Researchers observe rubber-like elasticity in liquid glycerol for the first time

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The image shows a laser-generated surface bubble of liquid glycerol that has been in motion for two and a half microseconds and has expanded to about 600 micrometers. Kaynattle et al. It observed unexpected elastic behavior during its dynamic process. Credit: Cainatell, Huang

Simple molecular liquids such as water or glycerol are of great importance for technological applications, in biology or even for understanding properties in the liquid state. Researchers at the Max Planck Institut für Struktur und Dynamik der Materie (MPSD) have now succeeded in observing liquid glycerol in a completely unexpected rubbery state.

In their article published in Proceedings of the National Academy of Sciences, researchers report how they created rapidly expanding bubbles on the surface of a liquid in vacuum using a pulsed laser. However, the bubble’s thin, micrometers-thick fluid envelope does not act like the expected viscous fluid dissipating deformation energy, but like the elastic envelope of a rubber toy balloon, which stores and releases elastic energy.

This is the first time that elasticity dominates the flow behavior in a Newtonian fluid such as glycerol. Its presence is difficult to reconcile with the general concepts of liquid glycerol interactions and prompts the search for more detailed explanations. Surprisingly, elasticity persists over long time scales of several microseconds, which can be important for very fast engineering applications such as micrometer-controlled flows under high pressure. Nevertheless, the question of whether this behavior is a specific property of liquid glycerol, or a phenomenon that occurs under similar conditions in many molecular liquids, but has not been observed so far, remains unresolved.

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The team proposes that the high filtration rate and limited thickness of the shell cause individual molecules to form groups that migrate in an interactive and collective manner. This change would stabilize the elastic state for a longer period of time than is possible in the equilibrium state of glycerol, where single molecules undergo rapid diffusion. „We want to better understand this unusual state,” says lead author and doctoral student Meghnath Kayanathle, „because it can tell us a lot about collective excitations in disordered systems.”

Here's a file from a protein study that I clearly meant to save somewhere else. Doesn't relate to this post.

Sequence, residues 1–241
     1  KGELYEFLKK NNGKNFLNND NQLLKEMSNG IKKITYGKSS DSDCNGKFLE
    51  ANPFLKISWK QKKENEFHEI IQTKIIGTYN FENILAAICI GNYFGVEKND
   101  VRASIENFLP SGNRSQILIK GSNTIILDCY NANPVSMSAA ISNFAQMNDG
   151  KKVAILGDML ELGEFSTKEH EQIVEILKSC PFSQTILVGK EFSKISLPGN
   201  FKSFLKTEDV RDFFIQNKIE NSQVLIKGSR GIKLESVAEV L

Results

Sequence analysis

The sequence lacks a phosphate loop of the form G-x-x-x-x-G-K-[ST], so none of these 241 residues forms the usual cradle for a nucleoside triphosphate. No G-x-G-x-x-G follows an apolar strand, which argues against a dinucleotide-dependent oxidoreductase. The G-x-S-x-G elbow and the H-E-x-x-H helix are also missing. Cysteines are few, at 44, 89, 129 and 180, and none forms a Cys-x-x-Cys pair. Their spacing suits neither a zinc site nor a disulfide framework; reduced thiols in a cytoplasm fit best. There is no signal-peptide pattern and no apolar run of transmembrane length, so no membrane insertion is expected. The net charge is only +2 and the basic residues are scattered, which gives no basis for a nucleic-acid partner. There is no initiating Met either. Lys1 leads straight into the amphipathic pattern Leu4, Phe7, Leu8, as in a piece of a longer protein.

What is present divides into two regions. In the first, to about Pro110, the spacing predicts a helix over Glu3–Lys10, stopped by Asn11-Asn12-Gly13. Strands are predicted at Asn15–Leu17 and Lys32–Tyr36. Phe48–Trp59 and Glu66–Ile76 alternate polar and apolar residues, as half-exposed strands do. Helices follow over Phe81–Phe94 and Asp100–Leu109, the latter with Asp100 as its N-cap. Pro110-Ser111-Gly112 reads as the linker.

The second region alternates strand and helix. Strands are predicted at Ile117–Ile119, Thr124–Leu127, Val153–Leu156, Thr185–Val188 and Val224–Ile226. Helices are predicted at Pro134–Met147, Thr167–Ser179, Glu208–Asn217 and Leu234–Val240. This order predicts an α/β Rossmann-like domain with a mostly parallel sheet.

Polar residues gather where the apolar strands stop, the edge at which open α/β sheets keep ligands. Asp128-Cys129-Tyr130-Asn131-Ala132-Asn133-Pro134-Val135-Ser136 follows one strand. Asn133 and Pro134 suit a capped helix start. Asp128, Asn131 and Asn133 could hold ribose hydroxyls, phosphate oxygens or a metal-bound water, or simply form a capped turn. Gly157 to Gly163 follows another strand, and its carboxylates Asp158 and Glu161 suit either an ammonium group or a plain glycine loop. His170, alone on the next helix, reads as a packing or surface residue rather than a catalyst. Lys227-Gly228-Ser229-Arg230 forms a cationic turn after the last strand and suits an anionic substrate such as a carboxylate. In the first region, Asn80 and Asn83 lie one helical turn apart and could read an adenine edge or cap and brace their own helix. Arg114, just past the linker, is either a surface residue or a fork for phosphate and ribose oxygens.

The rubbery state of liquid glycerol raises the question: Are similar effects possible in other liquid materials? Creating elastic bubbles in water in particular would be a major achievement, as it is a very important and well-studied liquid with implications in many scientific fields. However, glycerol bubbles only form in a vacuum environment as shown by the MPSD group. This poses some challenges for similar experiments involving water, as it begins to boil below a vapor pressure of 32 mbar – above the pressure at which the experiments must take place.

The research was carried out by members of the company’s science support unit Ultrafast Beams and guest scientist Jipeng Huang from the University of Duisburg-Essen. An innovative scientific approach and proper selection of parameters led to the discovery of this novel elastic behavior. „Our experiment invites us to rethink the interactions and differences between liquids and solids,” said principal investigator Sasha F.

„As a next step, we aim to investigate the molecular interaction and structure of the transient bubble shell, and whether this effect can be reproduced in a range of other liquids different from glycerol.”

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More information:
Meghnath Kayanatil et al., Rubber-like elasticity in laser driven free surface flow of a Newtonian fluid, Proceedings of the National Academy of Sciences (2023) DOI: 10.1073/pnas.2301956120

Press Information:
Proceedings of the National Academy of Sciences


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